The property appraiser and DOR filed motions to dismiss the complaint.2 The motions argued that the complaint was barred by section 194.171(2) because, with respect to the 2005 to 2012 taxes, the complaint was filed more than 60 days after the Tax Lien was recorded, and with respect to the 2013 taxes, the complaint was filed more than 60 days after the 2013 tax rolls were certified.
The trial court granted the motions to dismiss, finding that all of Genesis' claims were barred by section 194.171(2). With respect to the 2005 to 2012 taxes, the court found that the recording of the Tax Lien triggered the 60–day period in section 194.171(2) because the lien was equivalent to a denial of the exemption for those years, and pursuant to Ward v. Brown, 894 So.2d 811 (Fla.2004), the denial of an exemption is subject to the requirements of section 194.171(2). With respect to the 2013 taxes, the court found that the complaint was barred because it was filed more than 60 days after the 2013 tax rolls were certified.
This appeal followed.
We review the dismissal order under the de novo standard of review because the question of whether a complaint should be dismissed is a question of law. See City of Gainesville v. Dep't of Transp., 778 So.2d 519, 522 (Fla. 1st DCA 2001). And, like the trial court, our review is confined to the well-pled allegations in the complaint and its attachments. Id.
Section 194.171(2) provides in pertinent part that “[n]o action shall be brought to contest a tax assessment after 60 days from the date the assessment being contested is certified for collection unders. 193.122(2)․” This is a “jurisdictional statute of nonclaim” that bars suits filed after the period expires, and it applies regardless of the ground on which the assessment is being challenged. See Ward, 894 So.2d at 814; Markham v. Neptune Hollywood Beach Club, 527 So.2d 814, 816 (Fla.1988); see also § 194.171(6), Fla. Stat. (“The requirements of subsections (2), (3),[3 ] and (5) [[4 ] are jurisdictional. No court shall have jurisdiction in such cases until after the requirements of both subsections (2) and (3) have been met. A court shall lose jurisdiction of a case when the taxpayer has failed to comply with the requirements of subsection (5).”). However, we have previously held that the 60—day period in section 194.171(2) does not begin to run if the property appraiser fails to strictly comply with the applicable statutory notice requirements. See Chihocky v. Crapo, 632 So.2d 230, 232–33 (Fla. 1st DCA 1994).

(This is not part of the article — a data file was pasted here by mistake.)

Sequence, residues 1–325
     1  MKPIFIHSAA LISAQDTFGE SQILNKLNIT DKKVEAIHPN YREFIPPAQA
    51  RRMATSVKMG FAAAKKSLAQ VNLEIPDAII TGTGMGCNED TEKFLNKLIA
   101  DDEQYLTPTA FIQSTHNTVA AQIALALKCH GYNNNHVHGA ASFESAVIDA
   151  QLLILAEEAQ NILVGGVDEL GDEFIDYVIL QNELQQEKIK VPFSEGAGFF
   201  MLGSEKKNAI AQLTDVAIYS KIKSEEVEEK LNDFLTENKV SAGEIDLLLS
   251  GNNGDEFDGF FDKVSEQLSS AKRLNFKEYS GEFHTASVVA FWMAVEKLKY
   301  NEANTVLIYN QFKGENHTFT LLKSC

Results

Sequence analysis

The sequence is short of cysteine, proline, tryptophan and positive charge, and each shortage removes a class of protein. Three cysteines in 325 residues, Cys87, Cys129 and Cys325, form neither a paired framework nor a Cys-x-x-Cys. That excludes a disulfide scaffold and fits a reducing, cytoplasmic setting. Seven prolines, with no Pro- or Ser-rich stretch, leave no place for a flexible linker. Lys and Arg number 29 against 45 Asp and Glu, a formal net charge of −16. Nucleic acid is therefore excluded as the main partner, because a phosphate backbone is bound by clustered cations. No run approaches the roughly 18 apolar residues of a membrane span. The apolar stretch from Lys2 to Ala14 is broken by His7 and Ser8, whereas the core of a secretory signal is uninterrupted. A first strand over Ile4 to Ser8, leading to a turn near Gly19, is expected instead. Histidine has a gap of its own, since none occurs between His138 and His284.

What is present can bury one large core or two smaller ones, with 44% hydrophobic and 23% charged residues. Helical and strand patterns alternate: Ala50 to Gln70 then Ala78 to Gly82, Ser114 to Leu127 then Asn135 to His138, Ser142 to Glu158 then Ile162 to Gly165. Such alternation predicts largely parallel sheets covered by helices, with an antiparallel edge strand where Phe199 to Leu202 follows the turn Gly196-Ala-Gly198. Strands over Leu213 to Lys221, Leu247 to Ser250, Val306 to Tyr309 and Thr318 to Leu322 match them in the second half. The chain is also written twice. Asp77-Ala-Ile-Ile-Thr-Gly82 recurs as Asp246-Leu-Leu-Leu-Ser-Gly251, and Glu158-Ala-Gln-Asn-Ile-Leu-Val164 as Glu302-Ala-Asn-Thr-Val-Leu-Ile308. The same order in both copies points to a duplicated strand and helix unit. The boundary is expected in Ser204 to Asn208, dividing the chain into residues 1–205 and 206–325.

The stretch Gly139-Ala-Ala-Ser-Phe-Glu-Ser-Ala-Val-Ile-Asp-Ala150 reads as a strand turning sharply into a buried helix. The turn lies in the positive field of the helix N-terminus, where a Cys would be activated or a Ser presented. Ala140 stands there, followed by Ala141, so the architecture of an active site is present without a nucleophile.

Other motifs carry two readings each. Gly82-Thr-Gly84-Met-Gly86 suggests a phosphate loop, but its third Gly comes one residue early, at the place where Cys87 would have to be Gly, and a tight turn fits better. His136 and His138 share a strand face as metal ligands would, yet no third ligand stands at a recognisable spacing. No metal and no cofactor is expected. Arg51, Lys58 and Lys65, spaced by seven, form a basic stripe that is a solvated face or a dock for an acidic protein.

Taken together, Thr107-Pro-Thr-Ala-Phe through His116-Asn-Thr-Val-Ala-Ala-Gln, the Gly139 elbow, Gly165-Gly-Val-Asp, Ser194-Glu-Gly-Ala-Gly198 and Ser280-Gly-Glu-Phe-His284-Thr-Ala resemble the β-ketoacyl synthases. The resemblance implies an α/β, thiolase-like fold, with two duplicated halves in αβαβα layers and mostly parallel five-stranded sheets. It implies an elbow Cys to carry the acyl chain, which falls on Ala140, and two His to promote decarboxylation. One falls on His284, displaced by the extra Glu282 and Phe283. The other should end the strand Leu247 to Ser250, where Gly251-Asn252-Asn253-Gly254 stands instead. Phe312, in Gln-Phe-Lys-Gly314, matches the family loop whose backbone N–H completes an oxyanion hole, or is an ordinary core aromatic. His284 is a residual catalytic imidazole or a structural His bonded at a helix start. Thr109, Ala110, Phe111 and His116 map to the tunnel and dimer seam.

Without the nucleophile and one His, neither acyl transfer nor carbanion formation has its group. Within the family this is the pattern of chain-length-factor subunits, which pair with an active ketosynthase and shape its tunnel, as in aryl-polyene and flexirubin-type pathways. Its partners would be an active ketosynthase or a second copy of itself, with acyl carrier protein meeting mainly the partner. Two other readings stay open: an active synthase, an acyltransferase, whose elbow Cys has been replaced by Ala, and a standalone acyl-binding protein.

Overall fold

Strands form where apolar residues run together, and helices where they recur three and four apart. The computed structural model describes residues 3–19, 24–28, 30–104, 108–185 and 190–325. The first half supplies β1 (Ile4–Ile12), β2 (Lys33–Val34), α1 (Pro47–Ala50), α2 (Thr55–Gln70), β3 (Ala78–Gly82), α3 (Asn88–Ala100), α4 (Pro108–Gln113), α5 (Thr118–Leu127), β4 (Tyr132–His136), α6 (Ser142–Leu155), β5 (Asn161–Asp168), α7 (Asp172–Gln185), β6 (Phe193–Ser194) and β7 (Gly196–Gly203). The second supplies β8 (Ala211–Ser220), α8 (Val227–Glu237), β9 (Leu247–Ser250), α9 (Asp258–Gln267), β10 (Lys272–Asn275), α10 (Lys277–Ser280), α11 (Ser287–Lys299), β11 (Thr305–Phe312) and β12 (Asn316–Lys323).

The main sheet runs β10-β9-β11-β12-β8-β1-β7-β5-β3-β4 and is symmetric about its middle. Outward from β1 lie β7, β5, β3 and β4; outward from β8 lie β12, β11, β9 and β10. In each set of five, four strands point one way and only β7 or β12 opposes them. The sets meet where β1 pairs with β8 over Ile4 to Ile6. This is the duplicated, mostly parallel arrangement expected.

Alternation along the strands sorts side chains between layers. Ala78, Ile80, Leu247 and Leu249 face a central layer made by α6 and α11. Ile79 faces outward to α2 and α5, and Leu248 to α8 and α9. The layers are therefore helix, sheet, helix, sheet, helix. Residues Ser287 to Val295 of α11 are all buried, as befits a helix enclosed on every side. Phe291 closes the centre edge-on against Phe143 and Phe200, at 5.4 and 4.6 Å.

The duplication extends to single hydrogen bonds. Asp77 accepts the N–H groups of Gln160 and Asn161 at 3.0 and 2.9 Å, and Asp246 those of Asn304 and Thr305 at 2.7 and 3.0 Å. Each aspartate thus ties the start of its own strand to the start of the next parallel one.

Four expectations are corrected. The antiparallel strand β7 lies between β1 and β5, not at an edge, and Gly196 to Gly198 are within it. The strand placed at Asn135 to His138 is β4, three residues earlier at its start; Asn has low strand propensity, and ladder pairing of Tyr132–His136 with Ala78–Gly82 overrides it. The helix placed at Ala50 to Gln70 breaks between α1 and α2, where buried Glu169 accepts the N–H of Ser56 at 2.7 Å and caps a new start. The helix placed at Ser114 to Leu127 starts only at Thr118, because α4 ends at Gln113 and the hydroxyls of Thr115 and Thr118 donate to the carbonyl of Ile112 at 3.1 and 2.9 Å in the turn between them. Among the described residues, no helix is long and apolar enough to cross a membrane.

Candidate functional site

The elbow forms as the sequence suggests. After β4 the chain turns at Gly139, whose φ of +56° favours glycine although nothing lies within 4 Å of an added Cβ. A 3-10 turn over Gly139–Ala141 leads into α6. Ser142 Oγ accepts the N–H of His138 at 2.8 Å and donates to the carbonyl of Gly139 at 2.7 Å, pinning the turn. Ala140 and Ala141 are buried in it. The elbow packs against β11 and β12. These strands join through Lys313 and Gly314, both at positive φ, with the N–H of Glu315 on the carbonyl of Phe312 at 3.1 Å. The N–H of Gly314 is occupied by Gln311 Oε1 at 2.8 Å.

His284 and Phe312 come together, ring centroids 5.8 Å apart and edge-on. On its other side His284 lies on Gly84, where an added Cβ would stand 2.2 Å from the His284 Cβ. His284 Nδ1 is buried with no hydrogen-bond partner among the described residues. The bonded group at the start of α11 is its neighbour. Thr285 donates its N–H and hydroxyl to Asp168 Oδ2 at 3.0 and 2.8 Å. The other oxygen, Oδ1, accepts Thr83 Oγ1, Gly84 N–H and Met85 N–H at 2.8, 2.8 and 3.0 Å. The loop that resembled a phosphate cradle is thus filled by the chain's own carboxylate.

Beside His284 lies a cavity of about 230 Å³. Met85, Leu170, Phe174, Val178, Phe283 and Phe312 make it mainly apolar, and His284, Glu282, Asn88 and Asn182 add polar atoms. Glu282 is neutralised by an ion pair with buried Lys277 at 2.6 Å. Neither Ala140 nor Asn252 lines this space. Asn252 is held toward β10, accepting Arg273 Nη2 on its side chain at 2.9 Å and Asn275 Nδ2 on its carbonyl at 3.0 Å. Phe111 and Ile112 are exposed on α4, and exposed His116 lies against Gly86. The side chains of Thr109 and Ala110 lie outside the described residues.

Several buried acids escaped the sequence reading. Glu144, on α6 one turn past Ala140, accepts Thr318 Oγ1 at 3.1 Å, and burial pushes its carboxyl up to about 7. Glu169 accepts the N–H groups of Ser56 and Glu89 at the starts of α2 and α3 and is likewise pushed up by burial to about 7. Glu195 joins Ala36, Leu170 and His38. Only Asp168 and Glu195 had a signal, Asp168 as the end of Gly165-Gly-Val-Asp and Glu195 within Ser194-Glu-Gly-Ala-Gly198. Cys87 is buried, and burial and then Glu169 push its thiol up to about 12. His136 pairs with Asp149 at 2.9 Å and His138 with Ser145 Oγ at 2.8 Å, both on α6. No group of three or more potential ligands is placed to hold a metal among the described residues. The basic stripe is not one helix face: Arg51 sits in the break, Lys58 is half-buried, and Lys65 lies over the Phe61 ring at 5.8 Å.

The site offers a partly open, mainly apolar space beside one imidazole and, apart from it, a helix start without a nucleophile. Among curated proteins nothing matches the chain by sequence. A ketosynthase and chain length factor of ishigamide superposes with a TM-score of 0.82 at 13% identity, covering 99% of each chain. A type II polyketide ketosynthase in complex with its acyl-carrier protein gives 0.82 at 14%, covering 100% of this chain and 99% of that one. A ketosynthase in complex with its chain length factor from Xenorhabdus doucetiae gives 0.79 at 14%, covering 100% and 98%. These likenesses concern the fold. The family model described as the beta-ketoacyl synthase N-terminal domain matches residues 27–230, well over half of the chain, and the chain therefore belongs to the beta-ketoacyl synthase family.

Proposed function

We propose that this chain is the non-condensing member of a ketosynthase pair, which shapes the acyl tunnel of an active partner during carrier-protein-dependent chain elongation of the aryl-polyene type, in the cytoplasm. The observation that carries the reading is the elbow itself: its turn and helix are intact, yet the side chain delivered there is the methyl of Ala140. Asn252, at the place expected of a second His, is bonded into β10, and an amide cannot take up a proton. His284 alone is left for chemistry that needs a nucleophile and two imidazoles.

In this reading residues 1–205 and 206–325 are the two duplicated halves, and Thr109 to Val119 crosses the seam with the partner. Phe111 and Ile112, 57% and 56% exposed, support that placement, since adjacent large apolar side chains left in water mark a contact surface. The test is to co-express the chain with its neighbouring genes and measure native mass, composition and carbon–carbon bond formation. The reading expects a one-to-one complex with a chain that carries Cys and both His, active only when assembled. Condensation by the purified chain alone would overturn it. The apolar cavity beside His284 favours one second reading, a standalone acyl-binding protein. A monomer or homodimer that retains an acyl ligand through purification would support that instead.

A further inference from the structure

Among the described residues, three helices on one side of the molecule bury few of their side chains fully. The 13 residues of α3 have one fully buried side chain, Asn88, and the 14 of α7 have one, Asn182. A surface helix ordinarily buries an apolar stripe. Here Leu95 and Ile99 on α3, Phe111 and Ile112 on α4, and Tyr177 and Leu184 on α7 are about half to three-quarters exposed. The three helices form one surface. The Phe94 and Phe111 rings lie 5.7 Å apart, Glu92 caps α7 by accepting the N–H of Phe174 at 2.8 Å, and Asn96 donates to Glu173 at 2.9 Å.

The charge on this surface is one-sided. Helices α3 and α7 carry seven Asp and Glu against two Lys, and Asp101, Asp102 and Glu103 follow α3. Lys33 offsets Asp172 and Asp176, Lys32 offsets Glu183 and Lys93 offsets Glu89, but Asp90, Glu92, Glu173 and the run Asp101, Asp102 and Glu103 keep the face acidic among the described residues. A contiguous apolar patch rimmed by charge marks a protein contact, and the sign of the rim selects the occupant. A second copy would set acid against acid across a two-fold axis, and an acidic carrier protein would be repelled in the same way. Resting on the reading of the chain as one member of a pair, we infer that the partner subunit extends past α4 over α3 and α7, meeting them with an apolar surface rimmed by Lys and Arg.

Here, although it is undisputed that Genesis' complaint was filed more than 60 days after the Tax Lien was recorded and more than 60 days after the 2013 tax rolls were certified, Genesis contends that the trial court erred in dismissing its complaint pursuant to section 194.171(2) because [A] with respect to the 2005 to 2012 taxes, the 60–day period in that statute is not applicable, and [B] with respect to the 2013 taxes, the property appraiser failed to provide Genesis the statutorily—required notice that its religious exemption was denied for 2013. We will address each argument in turn.
A. 2005 to 2012 Taxes
Genesis argues that the Tax Lien that “back-assessed” the 2005 to 2012 taxes on its property is not subject to the 60—day period in section 194.171(2) because the statute does not apply to actions challenging tax liens. We agree.
Section 194.171(2), by its clear and unambiguous terms, applies only to actions contesting “a tax assessment” and it requires such actions to be filed within 60 days after the assessment is “certified for collection under s. 193.122(2).” A tax lien is not a tax assessment, and it is not certified for collection under section 193.122(2).